US internet marketing firm Internet-Engine
has carried out an analysis of the search results from Google, Yahoo and MSN Live over the past three years over the holiday season and has found that internet retailers have a very strong presence, representing well over 30% of the listings shown, whilst bricks and mortar retailers consistently have had the weakest presence of any group showing up only 12% of the time.
"Online retailers have developed and maintained a dominant presence in search marketing," says Thom Disch, Internet-Engine's CEO and the director of the The Retail Search Presence Study. "To put this in perspective, when a shopper does a search on the Internet, he or she will find three listings from online retailers for every one listing from a traditional retailer."
Steven Rogers, Professor of Entrepreneurship at Northwestern University’s Kellogg School of Management adds that "This is a classic example of how the more nimble entrepreneurs will use new technology and innovation to replace old school marketers. Traditional retailers are relying on brand awareness to drive their internet marketing programs, while these start-up on-line retailers are reaching consumers in new and creative ways. The end result: Entrepreneurially oriented organizations, like Amazon, increase market share and show record profits while the traditional brick and mortar retailers are reporting sales declines and profit shortfalls."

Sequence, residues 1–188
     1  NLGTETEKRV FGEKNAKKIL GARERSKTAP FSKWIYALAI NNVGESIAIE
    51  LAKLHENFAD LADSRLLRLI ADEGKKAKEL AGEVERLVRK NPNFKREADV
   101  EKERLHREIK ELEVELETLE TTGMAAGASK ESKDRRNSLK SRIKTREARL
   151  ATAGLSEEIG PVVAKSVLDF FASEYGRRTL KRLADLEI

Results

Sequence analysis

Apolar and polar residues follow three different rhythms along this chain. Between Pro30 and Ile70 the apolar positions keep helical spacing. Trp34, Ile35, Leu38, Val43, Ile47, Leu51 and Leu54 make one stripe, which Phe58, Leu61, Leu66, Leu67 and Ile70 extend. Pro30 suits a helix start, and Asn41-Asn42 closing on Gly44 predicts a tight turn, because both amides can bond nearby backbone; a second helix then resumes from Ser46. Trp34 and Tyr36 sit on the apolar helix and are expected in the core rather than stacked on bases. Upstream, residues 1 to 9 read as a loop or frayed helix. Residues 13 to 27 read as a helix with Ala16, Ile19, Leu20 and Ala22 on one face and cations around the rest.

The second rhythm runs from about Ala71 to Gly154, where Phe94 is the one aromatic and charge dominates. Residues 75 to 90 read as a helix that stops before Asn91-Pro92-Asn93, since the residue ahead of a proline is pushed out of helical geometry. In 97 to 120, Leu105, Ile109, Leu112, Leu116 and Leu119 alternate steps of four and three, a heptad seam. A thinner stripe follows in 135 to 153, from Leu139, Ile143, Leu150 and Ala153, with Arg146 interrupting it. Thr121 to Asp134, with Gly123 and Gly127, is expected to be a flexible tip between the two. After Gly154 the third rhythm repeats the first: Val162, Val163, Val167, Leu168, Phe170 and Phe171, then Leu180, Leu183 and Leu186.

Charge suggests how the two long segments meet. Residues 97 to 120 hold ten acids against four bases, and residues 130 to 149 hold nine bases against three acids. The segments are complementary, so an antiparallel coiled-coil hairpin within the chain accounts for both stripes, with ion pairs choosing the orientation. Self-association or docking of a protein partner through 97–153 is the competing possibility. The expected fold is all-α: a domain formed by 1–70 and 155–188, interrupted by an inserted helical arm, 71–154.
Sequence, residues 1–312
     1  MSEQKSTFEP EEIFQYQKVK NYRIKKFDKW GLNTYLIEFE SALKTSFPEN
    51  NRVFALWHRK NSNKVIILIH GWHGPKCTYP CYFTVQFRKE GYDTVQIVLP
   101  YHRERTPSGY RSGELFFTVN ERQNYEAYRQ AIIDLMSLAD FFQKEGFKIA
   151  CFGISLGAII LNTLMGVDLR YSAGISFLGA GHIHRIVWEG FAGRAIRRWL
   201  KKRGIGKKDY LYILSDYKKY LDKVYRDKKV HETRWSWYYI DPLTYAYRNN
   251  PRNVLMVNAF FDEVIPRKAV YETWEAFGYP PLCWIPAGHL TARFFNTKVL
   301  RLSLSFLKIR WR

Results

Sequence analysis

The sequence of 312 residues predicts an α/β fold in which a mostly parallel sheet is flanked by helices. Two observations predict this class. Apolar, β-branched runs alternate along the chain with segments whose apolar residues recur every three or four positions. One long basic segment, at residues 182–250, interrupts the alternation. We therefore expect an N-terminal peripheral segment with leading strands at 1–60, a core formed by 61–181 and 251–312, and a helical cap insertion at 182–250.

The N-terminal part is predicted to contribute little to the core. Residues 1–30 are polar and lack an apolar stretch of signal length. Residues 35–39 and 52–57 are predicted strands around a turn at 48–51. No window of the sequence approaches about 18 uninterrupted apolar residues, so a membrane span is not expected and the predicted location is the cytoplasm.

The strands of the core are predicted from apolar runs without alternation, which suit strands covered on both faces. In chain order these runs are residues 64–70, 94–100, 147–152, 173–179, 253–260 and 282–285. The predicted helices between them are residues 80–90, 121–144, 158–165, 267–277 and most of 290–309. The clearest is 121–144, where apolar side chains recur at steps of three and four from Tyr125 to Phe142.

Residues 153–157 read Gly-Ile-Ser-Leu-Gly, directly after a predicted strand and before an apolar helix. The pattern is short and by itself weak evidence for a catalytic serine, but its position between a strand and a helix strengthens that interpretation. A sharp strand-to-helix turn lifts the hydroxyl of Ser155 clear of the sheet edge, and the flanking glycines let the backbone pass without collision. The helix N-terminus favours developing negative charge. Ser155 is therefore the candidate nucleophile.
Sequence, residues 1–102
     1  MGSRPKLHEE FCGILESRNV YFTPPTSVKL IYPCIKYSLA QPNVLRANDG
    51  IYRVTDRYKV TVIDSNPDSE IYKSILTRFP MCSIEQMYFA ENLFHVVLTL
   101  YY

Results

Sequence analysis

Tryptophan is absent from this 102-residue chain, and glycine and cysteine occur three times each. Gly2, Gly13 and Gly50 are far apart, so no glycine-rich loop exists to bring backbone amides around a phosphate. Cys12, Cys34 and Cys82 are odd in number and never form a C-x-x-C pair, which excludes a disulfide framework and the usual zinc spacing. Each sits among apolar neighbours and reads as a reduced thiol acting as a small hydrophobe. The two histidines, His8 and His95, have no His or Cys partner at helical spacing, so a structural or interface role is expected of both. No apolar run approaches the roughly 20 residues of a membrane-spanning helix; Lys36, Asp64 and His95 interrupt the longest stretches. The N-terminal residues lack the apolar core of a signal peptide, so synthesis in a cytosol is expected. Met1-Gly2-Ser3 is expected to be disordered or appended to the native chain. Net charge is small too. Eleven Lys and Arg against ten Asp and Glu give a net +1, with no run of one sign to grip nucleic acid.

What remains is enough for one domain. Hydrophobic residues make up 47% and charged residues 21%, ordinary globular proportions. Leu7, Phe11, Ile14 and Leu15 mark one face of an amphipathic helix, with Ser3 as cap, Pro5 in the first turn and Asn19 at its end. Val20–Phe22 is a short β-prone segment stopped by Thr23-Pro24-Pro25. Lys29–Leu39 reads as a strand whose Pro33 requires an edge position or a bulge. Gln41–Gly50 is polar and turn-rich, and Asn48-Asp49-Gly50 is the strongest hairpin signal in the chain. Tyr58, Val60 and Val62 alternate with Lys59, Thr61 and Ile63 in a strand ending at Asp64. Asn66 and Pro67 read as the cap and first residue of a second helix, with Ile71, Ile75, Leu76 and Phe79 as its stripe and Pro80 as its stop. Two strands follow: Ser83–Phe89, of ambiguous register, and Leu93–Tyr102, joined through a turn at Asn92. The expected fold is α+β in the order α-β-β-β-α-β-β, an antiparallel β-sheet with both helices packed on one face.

While traditional retailers have increased their search presence slightly over the past three years, they still remain behind every other group including manufacturers who usually do not sell directly to the consumer. "The manufacturers are looking at the big picture by establishing their web presence and using the internet and search marketing to get in front of the consumer when the shopper is in the decision making process," Thom Disch explains.
The study also compared paid and free search results, finding that the free or organic listings of the traditional retailer websites have only a 2% share of the total listings. This is dramatically smaller than the share for free listings for eCommerce sites at 17%, shopping comparison sites at 11% and manufacturers' websites at 10%.
"Not appearing in the free listings means that the brick & mortar retailers must spend more of their money on paid search listings which ultimately will have a negative impact on their overall profitability," said Disch. "Investing in search optimization techniques to increase the organic or free listings would help these traditional retailers by balancing their listing placements, reducing their overall costs and increasing their market presence."
"Traditional retailers may not be keeping up with changes in consumer behaviour since they are relying on a brand-push marketing strategy while the online retailers using search marketing present a consumer-pull strategy, meaning the product is presented to the consumer by the search engines when the consumer is looking for information about that specific product, when they are ready to buy," Disch concluded.